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WHO Reports Hundreds of Thousands of Annual Deaths in Europe Linked to Ultra-Processed Foods

The World Health Organization accused the food and beverage industry of spreading misinformation and lobbying against public health initiatives.
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By Daniel Dawson
Jun. 25, 2024 12:52 UTC

Ultra-processed food is respon­si­ble for about 391,000 deaths annu­ally in Europe, accord­ing to a new report from the World Health Organization.

Along with alco­hol, fos­sil fuels and tobacco, the WHO said the four indus­tries are respon­si­ble for more than 2.7 mil­lion deaths per annum on the con­ti­nent, about one-quar­ter of all fatal­i­ties.

It is esti­mated that at least one-third of total global deaths [19 mil­lion] and 41 per­cent of non­com­mu­ni­ca­ble dis­ease deaths are attrib­ut­able to just four com­mer­cial prod­ucts: tobacco, ultra-processed foods, fos­sil fuels and alco­hol,” the WHO wrote.

See Also:Health News

There is no for­mal def­i­n­i­tion of ultra-processed food. However, the widely used clas­si­fi­ca­tion estab­lished by Nova says ultra-processed foods are for­mu­la­tions made mostly or entirely from sub­stances derived from foods and addi­tives” with neg­li­gi­ble use of raw or nat­ural foods in the prepa­ra­tion.

The report found that diets high in sodium are respon­si­ble for 252,187 deaths annu­ally, 2.27 per­cent, fol­lowed by diets high in processed meat (117,290 deaths, 1.07 per­cent), diets high in sugar-sweet­ened bev­er­ages (15,606 deaths, 0.14 per­cent) and diets high in trans fatty acids (6,056 deaths, 0.05 per­cent).

The WHO report fol­lows sep­a­rate research pub­lished in the British Medical Journal that con­nected high con­sump­tion of ultra-processed foods to more than 30 health issues.

Consistent evi­dence shows that higher expo­sure to ultra-processed foods is asso­ci­ated with an increased risk of 32 dam­ag­ing health out­comes includ­ing can­cer, major heart and lung con­di­tions, men­tal health dis­or­ders and early death,” Melissa Lane, the study’s lead author from Deakin University in Australia, told Olive Oil Times in an April 2024 inter­view.

The WHO report went fur­ther and accused the pro­duc­ers of ultra-processed foods of exac­er­bat­ing their prod­ucts’ impact on non­com­mu­ni­ca­ble dis­eases by lob­by­ing gov­ern­ments and influ­enc­ing pub­lic pol­icy, espe­cially dur­ing the Covid-19 pan­demic.

An analy­sis of cor­po­rate social respon­si­bil­ity prac­tices dur­ing the Covid-19 pan­demic showed the four ways in which cor­po­ra­tions that were pro­duc­ing health-harm­ing and poten­tially health-harm­ing prod­ucts, includ­ing tobacco, alco­hol, fos­sil fuels and ultra-processed food and drink, took advan­tage of the pan­demic, based on exam­ples from more than 90 coun­tries,” the WHO wrote.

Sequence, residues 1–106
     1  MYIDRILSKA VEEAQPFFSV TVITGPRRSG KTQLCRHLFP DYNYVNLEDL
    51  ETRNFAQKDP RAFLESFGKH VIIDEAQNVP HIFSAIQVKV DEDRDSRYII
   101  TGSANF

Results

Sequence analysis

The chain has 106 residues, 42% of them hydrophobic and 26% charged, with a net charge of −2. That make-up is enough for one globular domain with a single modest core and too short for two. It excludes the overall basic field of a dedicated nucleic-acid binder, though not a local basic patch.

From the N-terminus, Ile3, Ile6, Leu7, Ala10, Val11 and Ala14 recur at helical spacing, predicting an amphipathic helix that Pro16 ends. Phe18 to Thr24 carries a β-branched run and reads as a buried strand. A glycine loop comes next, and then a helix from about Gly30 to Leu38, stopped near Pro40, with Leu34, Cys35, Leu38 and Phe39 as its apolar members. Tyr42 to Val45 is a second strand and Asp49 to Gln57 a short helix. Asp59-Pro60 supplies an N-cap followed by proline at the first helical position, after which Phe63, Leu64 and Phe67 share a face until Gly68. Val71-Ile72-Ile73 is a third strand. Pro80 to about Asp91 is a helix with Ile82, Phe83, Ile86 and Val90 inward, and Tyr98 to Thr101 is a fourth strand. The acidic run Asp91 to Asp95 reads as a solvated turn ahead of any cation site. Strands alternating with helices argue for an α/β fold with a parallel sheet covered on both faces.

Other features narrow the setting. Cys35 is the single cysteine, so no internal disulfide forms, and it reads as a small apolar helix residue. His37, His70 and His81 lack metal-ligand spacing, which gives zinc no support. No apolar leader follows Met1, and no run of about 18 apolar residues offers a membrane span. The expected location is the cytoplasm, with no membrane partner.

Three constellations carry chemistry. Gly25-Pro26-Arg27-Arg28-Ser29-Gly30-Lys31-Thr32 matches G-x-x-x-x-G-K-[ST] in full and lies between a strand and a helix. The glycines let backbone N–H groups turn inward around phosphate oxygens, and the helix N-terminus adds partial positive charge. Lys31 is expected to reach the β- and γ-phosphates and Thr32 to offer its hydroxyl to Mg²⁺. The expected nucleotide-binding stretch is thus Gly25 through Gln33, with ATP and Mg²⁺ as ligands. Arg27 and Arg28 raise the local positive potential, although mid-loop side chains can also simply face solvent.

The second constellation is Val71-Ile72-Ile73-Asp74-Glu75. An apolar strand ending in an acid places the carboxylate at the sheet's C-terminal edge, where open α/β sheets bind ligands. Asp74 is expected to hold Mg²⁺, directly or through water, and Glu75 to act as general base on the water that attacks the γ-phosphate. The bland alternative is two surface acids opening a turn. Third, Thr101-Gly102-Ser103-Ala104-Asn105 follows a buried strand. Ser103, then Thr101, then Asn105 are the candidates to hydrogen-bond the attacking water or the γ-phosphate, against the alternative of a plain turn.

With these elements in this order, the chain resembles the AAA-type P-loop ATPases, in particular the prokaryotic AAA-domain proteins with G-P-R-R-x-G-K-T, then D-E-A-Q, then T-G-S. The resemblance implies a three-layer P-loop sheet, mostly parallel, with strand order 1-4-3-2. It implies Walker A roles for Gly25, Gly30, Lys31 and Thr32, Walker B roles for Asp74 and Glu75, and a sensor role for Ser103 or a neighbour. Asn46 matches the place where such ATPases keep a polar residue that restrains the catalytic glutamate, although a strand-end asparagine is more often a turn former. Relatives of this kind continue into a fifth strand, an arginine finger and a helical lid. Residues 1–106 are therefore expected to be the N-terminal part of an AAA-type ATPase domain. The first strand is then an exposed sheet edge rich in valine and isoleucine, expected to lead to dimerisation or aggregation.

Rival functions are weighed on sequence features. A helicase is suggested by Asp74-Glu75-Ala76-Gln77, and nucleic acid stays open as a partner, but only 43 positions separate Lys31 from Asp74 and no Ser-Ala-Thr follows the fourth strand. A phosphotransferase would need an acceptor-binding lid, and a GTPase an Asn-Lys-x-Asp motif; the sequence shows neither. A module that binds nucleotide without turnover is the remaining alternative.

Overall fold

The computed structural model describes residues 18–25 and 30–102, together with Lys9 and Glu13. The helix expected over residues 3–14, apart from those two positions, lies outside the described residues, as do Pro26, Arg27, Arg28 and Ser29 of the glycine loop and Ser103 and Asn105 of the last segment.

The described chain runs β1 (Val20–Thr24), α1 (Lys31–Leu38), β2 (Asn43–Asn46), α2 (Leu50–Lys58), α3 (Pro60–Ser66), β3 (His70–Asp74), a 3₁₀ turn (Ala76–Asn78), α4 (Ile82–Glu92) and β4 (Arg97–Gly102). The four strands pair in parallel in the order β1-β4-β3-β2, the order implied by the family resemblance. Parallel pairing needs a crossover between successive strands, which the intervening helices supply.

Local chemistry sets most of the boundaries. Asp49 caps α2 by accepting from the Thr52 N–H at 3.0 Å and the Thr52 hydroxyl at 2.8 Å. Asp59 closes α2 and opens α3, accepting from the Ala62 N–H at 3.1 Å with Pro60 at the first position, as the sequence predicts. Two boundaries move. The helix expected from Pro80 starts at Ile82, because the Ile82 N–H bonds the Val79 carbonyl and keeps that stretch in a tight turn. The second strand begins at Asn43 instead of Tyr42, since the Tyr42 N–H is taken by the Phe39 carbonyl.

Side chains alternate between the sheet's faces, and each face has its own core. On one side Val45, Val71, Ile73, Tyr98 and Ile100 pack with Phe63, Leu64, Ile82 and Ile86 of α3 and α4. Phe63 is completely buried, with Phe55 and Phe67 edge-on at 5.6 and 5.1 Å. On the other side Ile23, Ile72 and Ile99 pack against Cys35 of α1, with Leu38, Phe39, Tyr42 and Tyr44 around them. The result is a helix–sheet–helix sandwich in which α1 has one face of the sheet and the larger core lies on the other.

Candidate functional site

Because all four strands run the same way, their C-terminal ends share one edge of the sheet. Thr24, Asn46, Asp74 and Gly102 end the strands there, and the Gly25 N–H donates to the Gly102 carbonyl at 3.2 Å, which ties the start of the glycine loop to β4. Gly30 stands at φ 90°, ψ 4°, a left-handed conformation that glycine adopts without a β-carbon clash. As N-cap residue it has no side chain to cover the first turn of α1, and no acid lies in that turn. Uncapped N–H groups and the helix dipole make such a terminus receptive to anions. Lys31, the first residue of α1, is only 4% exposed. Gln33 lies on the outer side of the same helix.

Companies used the cri­sis to por­tray them­selves and their prod­ucts in a pos­i­tive light, and to use it as an oppor­tu­nity to build rela­tion­ships with gov­ern­ments, increase the scope for lob­by­ing and incor­po­rate mes­sag­ing on their con­tri­bu­tion to the pan­demic response into their mar­ket­ing,” the report added.

Indeed, Serge Hercburg, the cre­ator of Nutri-Score, a front-of-pack label­ing sys­tem being con­sid­ered by the European Commission for manda­tory adop­tion across the bloc, has long accused the food indus­try of spread­ing dis­in­for­ma­tion to under­mine Nutri-Score.

See Also:Some Ultra-Processed Foods Are Addictive, Like Tobacco

The WHO report also accused com­mer­cial actors in the food and bev­er­age indus­try of exploit­ing the con­cept of global inequal­ity to oppose attempts to raise taxes on ultra-processed food and drink.

The WHO con­tends that the indus­try labels these poli­cies as regres­sive taxes aimed at low-income com­mu­ni­ties while work­ing to lower the prices of its prod­ucts and tar­get these com­mu­ni­ties with aggres­sive mar­ket­ing and sales tac­tics.

This includes, for exam­ple, reshap­ing envi­ron­ments so that, in some areas, par­tic­u­larly deprived areas, it can be hard to access healthy food,” the report said.

However, food and bev­er­age indus­try offi­cials have crit­i­cized the report as disin­gen­u­ous.

To con­nect the con­sump­tion of processed foods with the tobacco and fos­sil fuel indus­tries is irre­spon­si­ble and out­ra­geously mis­lead­ing,” Rebecca Fernández, the sci­ence direc­tor of FoodDrink Europe, a trade asso­ci­a­tion, told Food Navigator.

Well-estab­lished food nutri­tion sci­ence the world over tells us that the best way to tackle obe­sity and non-com­mu­ni­ca­ble dis­eases is to focus on the nutri­tion con­tent of a food and how often you con­sume it in con­junc­tion with what type of lifestyle you lead,” she added.

Along with crit­i­ciz­ing the food and bev­er­age indus­try, the WHO report rec­om­mended gov­ern­ments adopt stronger reg­u­la­tions and leg­is­la­tion to curb the mar­ket­ing of health-harm­ing prod­ucts, increase the trans­parency of lob­by­ing and con­flicts of inter­est in indus­try-funded health research, raise taxes on multi­na­tion­als and increase fund­ing for civil soci­ety groups focused on pro­mot­ing pub­lic health.

By imple­ment­ing these strate­gies, the region can accel­er­ate progress towards global non-com­mu­ni­ca­ble dis­ease tar­gets and Sustainable Development Goals by 2030,” the report con­cluded.



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